Cat and mouse – As scammers step up their game, crypto security must keep pace

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Leading blockchain security firm Chainalysis recently released the first look at its 2022 Crypto Crime Reports, and while there are some signs of progress, it makes for sober reading. In absolute terms, 2021 was the worst year yet for crypto-based crime, with the total value received by illicit addresses reaching an all-time high of over $14 billion.

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Seen from another angle, the scenario could be read as more positive. In 2021, cryptocurrency adoption rates have skyrocketed, while the rate of increase in crypto crime has not kept pace. This means that in relative terms, the percentage of all crypto transactions involved in crime has actually decreased compared to previous years.

However, there are two important caveats to assuming that Part Two represents undiluted good news. First, Chainalysis warns that 2021 data is still coming in, so it’s possible the numbers could go up further. Second, the increase in crypto crime, even as a relatively smaller part of the industry as a whole, is bad news and the detail of the Chainalysis report reveals that scammers are finding new and innovative ways to exploit the system in order to that even the most experienced users can find themselves falling prey to the latest exploit.

DeFi Hazards

So what is changing? Figures show that a few years ago, centralized exchanges were the main targets of hackers. While the amount of funds taken from exchanges remained similar over the years 2019 to 2021, DeFi thefts increased by 1,330%, representing a massive attack vector for the crypto space.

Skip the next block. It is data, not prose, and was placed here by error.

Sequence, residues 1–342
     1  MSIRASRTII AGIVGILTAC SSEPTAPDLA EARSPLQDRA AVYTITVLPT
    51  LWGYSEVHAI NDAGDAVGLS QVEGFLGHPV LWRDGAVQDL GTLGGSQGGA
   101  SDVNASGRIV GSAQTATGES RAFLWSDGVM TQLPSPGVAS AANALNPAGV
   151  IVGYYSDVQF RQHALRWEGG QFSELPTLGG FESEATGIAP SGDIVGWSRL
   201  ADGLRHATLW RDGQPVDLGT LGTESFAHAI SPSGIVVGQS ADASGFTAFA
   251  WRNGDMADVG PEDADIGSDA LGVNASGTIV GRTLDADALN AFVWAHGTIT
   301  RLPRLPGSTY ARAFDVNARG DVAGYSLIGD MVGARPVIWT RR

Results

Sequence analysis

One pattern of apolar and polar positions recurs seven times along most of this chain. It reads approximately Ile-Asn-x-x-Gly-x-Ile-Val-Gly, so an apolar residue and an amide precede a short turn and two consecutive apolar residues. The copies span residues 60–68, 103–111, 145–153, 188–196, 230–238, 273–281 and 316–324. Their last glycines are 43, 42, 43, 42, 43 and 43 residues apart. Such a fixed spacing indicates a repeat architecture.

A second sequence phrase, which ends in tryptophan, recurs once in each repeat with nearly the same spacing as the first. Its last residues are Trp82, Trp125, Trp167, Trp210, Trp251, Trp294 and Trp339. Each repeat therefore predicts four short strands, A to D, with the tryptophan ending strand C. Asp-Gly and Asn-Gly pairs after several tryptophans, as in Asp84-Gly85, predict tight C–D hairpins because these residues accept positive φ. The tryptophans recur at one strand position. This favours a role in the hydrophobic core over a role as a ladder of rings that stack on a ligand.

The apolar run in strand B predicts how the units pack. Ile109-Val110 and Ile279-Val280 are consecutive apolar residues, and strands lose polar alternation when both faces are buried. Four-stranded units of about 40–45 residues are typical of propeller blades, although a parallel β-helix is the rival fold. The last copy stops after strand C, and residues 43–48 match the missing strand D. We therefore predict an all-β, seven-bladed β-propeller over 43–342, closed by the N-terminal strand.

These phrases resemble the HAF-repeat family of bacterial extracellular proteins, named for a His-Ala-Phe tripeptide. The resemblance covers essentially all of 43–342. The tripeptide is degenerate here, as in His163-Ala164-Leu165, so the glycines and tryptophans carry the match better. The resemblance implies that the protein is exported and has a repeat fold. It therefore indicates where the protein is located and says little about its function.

One of the largest and most audacious examples of a DeFi heist occurred in August 2021, when hackers exploited a vulnerability in the smart contracts underlying Poly Network. The move was very technically sophisticated – techies might want to digest a great yarn from Ethereum researcher Kelvin Fichter who breaks down the methodology. Ultimately, this allowed attackers to steal funds in over a dozen different tokens and direct them to three wallet addresses on different blockchains.

Poly Network later announced that the hackers returned the stolen funds, saying they only hacked the protocol to expose the underlying vulnerabilities. However, analysts highlighted an attempted transfer to one of Curve’s liquidity pools that was rejected, indicating that the hackers may have found themselves unable to launder such a large amount of stolen funds.

Cashing in on the on-screen hype

Of course, DeFi is not the only vulnerable area. As general levels of euphoria rose in 2021, token scams have once again become more prevalent – ​​in some cases reminiscent of the bad old days of 2017 of ICO scammers. Squid Coin was an example.

The project saw the light of day at the end of October, taking advantage of both the hype surrounding the Netflix show Squid Games and the current boom in play-to-earn games in the crypto industry. But this was all just an elaborate rug draw. After pumping over 75,000% in a single week, the token crashed in less than a second, leaving investors with a worthless bag.